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Movie Reviews: Forever, My Blueberry Nights, My Brother Is an Only Child 

Also The Ruins and more

Wednesday, Apr 2 2008
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CHAPTER 27 Jared Leto might win an Oscar next year if audiences are willing to see Chapter 27 as an abstract of the rise to power of Perez Hilton. But Jarrett Schaefer’s film is explicitly about the mental unraveling of John Lennon murderer Mark David Chapman, a role for which Leto gained 60 pounds and unintentionally invoked the voice of South Park’s Towelie. “I’m going to be with you, Holden ... in the rye ... in the ryyyyyyyyyyyeeeeeeee,” drawls the actor in a seemingly pot-stoked stupor, laying on the crazy so thick you’re left wondering why Chapman was let off the plane from Hawaii. Making the Fincherian The Killing of John Lennon seem like the masterpiece Zodiac wasn’t, this misbegotten psychological portrait eagerly foregrounds Leto’s excess blubber and histrionic blather, delivered like bad improv outside the Dakota building — “home of the great and powerful,” according to Chapman, clearly oblivious that Rex Reed also lives inside. A retarded sense of meta is achieved whenever Leto’s Chapman goes on about the phony theatrics of film actors, but it’s Lindsay Lohan, as über–Lennon fan Jude, who breaks your heart, looking convincingly horrified that she has three undeserved Razzies while Leto has none. (Nuart) (Ed Gonzalez)

 
EXTRA ORDINARY BARRY Hapless comic flailing envelops nearly every minute of Extra Ordinary Barry, the sort of woefully incompetent independent film that evokes either pity or disgust, depending on your level of tolerance. Fresh from being fired from his job as an olfactory specialist, Barry Berry (Jay Convente) gets a call from the woman he donated his sperm to years ago, announcing that the resulting child now wishes to meet him. Wanting to appear gainfully employed for the kid’s arrival, Barry begins working as a massage instructor, where he’s saddled with students who form a rainbow coalition of unfunny cultural stereotypes: Horny Asian Chick, Smooth Black Dude, Sheltered Southern Gal, Weirdo New-Age Guy, Incontinent Indian Man. Written and directed by first-timer Vivi Stafford, Extra Ordinary Barry heaps a series of stresses onto Barry — he also has a longtime girlfriend (Carrie Chason) who’s waiting for a proposal — that are meant to motivate him into growing up and taking his life by the reins. Instead, the collision of episodic inanities only creates wave upon wave of audience agony as the equally cruddy subplots vie for attention. Though he’s presumably meant to be adorably clueless, Convente’s childlike facial contortions make him seem sexless and creepy — not quite the image you want in your romantic lead. As for the film’s comic repartee, it mostly involves characters yelling back and forth at each other. By the end, you may want to join in. (Sunset 5) (Tim Grierson)

 
GO  FOREVER A philosophical study in the relationship between the dead artists of Paris’s Père-Lachaise cemetery and their visitors and keepers, veteran documentarian Heddy Honigmann’s Forever contemplates both buried celebrities and the relatively obscure in its musing on eternity. Forever achieves something more resonant than a Solemn Affirmation of the Immortal Spirit of Art by virtue of Honigmann’s instinct and sensitivity as an interviewer; circulating through the cemetery, she patiently extracts often staggeringly tragic-poetic back stories from its living denizens. The interviews are done in restive, gently penetrating close-ups that, matched with their subject’s self-revelations, draw the beauty of each speaker to the surface. A Japanese pianist discusses the connection she finds to her deceased father through playing Chopin; a Korean tourist ruminates on Proust in his untranslated native tongue; an Iranian cab driver sings tribute over the grave of Persian author Sadegh Hedayat (whose works, in a recent cultural purge, were withdrawn from publication in Iran). The ambient camerawork can be obvious in groping for the beauty of moldering pathos (not for nothing are cemeteries the classic go-to for amateur photographers), but interludes of the sublime and unexpected are never far off. (Music Hall) (Nick Pinkerton)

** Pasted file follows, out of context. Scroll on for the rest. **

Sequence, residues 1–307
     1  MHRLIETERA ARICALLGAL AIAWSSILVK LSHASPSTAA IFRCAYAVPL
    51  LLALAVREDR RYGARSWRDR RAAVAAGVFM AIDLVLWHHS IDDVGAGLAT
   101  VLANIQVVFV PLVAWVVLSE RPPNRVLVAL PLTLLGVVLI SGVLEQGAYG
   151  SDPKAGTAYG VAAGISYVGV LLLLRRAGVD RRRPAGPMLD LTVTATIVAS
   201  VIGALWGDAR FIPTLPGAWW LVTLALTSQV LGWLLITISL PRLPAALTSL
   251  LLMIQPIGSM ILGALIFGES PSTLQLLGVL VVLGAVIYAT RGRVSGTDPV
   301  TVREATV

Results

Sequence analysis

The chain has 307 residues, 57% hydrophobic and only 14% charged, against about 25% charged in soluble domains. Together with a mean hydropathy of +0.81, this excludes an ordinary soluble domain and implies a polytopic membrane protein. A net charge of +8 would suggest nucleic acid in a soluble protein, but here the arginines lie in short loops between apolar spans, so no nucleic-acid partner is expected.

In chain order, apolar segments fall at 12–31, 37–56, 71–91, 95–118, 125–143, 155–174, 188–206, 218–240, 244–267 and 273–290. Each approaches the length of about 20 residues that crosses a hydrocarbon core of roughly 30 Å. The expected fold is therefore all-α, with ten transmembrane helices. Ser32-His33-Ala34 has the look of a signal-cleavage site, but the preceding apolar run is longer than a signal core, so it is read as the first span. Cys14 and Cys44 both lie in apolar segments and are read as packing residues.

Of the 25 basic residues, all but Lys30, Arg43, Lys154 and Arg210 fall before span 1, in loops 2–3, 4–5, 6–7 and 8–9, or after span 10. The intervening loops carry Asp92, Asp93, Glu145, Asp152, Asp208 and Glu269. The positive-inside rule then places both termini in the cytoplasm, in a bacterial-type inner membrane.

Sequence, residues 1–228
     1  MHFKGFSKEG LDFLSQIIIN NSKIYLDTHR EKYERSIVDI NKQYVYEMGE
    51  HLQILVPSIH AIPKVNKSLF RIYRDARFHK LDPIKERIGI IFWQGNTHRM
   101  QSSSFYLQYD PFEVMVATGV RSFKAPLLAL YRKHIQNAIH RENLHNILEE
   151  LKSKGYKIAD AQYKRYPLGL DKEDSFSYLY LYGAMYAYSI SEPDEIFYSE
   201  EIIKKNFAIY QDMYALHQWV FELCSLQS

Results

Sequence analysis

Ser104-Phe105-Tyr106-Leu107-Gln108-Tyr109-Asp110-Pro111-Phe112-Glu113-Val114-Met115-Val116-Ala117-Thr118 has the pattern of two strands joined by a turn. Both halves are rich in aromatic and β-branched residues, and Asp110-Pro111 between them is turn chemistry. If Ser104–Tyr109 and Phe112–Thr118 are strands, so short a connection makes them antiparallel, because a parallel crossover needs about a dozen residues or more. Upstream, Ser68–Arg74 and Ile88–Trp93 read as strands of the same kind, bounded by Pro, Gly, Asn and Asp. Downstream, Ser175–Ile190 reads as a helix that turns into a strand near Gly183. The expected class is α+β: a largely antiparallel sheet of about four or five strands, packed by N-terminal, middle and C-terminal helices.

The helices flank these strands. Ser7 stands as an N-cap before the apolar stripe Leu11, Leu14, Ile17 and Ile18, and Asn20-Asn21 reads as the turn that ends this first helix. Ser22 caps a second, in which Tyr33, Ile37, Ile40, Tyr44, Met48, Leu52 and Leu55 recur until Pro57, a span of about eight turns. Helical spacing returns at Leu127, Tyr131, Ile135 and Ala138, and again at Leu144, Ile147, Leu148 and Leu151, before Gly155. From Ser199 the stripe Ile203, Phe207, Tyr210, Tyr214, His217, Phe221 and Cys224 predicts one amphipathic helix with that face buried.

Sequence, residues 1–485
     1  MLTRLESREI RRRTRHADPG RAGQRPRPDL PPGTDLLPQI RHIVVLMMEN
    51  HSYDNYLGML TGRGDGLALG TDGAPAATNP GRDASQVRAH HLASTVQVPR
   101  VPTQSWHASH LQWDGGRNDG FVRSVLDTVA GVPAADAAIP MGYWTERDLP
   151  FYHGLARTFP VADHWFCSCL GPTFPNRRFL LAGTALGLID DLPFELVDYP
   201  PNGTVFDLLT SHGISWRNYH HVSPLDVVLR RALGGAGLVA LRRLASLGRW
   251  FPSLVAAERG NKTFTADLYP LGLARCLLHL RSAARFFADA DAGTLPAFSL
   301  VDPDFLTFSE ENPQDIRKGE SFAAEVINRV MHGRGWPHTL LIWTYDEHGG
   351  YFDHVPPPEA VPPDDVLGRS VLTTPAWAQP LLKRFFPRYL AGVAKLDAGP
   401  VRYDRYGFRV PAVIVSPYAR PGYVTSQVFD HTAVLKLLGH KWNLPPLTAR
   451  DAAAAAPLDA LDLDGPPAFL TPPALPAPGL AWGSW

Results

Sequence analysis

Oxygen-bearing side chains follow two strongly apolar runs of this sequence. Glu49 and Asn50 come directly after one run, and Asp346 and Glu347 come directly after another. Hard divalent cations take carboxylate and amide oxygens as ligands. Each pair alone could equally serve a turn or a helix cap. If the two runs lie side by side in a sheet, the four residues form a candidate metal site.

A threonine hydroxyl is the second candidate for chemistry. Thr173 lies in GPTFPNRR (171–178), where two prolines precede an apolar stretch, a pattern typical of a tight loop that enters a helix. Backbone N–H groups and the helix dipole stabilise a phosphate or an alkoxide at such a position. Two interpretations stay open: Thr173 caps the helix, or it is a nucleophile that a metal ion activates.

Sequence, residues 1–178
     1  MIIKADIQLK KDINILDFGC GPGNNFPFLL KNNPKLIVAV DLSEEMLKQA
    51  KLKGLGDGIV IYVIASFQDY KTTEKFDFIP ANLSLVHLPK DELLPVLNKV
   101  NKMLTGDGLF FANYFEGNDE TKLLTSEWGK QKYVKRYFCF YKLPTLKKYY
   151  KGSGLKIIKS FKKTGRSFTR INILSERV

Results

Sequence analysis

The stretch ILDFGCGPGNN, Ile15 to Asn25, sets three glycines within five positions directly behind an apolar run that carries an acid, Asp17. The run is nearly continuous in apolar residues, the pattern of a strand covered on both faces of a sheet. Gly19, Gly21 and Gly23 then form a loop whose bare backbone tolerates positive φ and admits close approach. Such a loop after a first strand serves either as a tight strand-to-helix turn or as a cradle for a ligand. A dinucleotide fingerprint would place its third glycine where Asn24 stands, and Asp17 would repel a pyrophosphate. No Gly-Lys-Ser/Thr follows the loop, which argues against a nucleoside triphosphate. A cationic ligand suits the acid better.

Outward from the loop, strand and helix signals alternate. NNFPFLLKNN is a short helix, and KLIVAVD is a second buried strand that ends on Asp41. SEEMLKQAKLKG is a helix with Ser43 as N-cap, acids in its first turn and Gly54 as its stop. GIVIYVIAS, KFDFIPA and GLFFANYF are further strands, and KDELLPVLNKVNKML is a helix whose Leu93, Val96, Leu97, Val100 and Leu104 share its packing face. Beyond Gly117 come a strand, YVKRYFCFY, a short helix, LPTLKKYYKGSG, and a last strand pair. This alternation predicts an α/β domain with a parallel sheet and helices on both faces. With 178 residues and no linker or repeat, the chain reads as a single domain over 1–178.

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GRIZZLY PARK It’s a common complaint among fans that too many horror films these days don’t take the time to develop their characters before throwing them into peril, and thus we don’t care what happens to them. A fair criticism, but what if the characters being “developed” are all one-dimensional idiots, portrayed by actors who can’t even successfully fake being in pain? Such is the dilemma facing Grizzly Park, in which a team of stereotypical juvenile delinquents — the nerd, the bimbo, the slut, the sweater-wearing yuppie, the tattooed white supremacist, etc. — find themselves doing community service in a state park that’s closed to visitors. Little do they know that both a serial killer and a large grizzly bear are on the loose, though the former is dispatched by the latter surprisingly quickly. Then there’s about an hour until the next kill, time enough for us to realize how poorly the excellently named writer-director Tom Skull has sketched out his characters and cast the actors playing them; he could at least have given us some ladies willing to get naked. All that separates Grizzly Park from a typical Sci-Fi Channel reject is a couple of amusing gore effects and the use of a real bear rather than some awful CG creation. Glenn Morshower (Aaron Pierce on 24) has some fun in the semi-leading role, but like everyone else onscreen, he’s basically fending for himself in a wilderness of hackdom. (Sunset 5) (Luke Y. Thompson)

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